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A group of 11 of the largest software companies and computer security firms released the first public draft of a proposed bug disclosure standard on Wednesday, and asked the security community for comments.

The 37-page document sets out a detailed timeline for security vulnerability reporting, and standardizes the interactions between security researchers who find bugs and the software companies who write them. The group hopes to see the final version of the plan gain widespread industry acceptance.

"The meat of it is all about the process -- how people come around to handling everything where they can talk to each other," says Scott Blake, a VP at security software firm BindView, an OIS member.

The OIS officially formed in September of last year, but has its roots in a private Microsoft-hosted security conference held in Silicon Valley almost a year earlier. Member companies are Microsoft, @stake, BindView, SCO, Foundstone, Guardent, Internet Security Systems, Network Associates, Oracle, SGI and Symantec. (Symantec publishes SecurityFocus.)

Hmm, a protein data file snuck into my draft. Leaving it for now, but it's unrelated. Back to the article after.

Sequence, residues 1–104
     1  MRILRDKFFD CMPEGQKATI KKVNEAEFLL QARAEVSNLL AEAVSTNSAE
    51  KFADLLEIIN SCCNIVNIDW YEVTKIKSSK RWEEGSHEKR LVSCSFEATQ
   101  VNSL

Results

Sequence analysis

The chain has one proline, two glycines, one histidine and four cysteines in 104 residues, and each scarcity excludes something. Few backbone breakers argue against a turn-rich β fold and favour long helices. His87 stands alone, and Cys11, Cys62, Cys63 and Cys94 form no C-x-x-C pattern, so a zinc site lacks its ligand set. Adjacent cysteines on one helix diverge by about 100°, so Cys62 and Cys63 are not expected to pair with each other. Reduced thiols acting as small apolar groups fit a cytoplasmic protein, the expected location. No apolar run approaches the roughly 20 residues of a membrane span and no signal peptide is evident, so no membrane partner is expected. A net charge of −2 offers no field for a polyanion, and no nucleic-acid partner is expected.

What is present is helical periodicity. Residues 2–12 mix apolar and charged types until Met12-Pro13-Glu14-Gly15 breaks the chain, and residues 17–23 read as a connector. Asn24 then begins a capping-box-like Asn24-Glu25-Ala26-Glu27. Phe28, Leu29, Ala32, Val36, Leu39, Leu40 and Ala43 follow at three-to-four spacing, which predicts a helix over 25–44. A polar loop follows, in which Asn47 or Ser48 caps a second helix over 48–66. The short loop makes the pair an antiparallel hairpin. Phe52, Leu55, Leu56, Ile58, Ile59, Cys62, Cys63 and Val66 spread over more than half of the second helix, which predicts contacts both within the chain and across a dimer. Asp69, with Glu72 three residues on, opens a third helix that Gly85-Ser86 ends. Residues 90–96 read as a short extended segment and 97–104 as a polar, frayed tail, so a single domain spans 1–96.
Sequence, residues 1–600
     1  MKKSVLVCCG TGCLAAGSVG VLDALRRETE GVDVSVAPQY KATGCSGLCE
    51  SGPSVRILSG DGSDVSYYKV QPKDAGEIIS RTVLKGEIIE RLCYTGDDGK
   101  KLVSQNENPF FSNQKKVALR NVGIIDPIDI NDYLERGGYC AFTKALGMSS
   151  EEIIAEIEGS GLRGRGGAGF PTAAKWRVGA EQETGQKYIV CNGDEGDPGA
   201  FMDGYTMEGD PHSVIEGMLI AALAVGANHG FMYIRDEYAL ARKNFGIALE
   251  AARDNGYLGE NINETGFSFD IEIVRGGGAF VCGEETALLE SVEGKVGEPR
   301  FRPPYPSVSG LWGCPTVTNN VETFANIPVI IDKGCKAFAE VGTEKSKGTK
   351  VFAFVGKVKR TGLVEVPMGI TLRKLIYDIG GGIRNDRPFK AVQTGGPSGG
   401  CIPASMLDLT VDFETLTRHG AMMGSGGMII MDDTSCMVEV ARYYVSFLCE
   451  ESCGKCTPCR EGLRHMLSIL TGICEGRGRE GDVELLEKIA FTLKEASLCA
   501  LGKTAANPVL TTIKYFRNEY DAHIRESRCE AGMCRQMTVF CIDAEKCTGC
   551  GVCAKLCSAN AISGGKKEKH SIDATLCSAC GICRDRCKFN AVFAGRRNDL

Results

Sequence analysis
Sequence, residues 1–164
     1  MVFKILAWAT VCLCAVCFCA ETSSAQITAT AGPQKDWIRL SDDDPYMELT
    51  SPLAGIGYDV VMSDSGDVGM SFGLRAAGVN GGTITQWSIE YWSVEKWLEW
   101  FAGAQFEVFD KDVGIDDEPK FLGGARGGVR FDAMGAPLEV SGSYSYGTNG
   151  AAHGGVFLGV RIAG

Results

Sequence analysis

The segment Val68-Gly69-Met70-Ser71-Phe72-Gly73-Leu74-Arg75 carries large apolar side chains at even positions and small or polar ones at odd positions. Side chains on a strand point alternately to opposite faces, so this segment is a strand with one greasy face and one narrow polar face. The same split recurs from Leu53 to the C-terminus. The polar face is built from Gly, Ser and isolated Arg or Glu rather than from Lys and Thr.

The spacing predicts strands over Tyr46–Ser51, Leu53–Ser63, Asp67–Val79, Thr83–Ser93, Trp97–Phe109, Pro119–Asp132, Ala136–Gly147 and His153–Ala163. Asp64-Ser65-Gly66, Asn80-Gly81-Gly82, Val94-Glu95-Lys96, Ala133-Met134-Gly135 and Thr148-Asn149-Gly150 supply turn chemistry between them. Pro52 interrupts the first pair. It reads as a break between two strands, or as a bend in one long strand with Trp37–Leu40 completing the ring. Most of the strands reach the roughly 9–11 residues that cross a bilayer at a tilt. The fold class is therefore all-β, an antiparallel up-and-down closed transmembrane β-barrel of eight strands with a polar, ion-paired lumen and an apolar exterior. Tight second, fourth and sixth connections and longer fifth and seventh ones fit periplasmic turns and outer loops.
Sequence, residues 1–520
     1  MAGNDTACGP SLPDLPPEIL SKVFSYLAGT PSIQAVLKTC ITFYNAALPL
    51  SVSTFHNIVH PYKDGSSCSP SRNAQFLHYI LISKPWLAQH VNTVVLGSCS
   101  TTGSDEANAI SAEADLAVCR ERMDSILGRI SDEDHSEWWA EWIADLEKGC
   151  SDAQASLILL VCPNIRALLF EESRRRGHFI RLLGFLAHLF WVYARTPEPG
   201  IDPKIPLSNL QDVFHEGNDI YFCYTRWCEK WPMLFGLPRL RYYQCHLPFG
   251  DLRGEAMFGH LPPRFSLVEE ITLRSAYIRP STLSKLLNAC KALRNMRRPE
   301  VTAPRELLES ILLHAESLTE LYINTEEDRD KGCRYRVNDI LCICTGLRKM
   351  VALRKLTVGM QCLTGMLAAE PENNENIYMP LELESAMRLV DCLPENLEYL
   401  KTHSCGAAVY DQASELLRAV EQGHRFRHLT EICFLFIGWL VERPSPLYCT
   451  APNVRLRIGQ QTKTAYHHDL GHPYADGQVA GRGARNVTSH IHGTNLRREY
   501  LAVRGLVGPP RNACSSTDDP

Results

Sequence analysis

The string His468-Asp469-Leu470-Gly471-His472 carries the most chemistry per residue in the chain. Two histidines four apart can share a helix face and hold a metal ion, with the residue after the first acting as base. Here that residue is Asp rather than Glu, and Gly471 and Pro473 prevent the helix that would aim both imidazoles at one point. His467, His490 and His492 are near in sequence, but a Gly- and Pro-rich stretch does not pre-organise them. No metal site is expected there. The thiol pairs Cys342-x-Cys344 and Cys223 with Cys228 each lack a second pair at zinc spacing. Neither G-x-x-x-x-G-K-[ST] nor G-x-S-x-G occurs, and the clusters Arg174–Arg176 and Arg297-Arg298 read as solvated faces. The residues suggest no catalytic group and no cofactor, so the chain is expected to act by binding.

A chief objective of the organization is to encourage a limited form of public warning that withholds details useful to hackers.

To that end, the plan would curtail the common but controversial practice of publicly releasing proof-of-concept or "exploit" code that demonstrates a security hole. Researchers following the policy would not be able to release exploits, nor provide "detailed technical information such as exact data inputs, buffer offsets, or shell code strategies" to the general public.

That prohibition is loosened somewhat thirty days after the vendor releases a patch. At that point the bug-finder could distribute exploit code or technical details to "organizations such as academic institutions that perform research into secure software development techniques."

Whether or not that includes popular forums and mailing lists like Bugtraq, NTBugtraq and Full Disclosure is a gray area, says Blake, that the group deliberately left open to interpretation.

"It's one of the areas I suspect we're going to get comments on," Blake says. "That's one of the reasons we're putting this thing out for public comment, because we want people to come back with that kind of feedback."

The group is accepting comments by e-mail for thirty days, ending July 4th, and expects to release the final plan at the Black Hat Conference in Las Vegas later that month. © SecurityFocus

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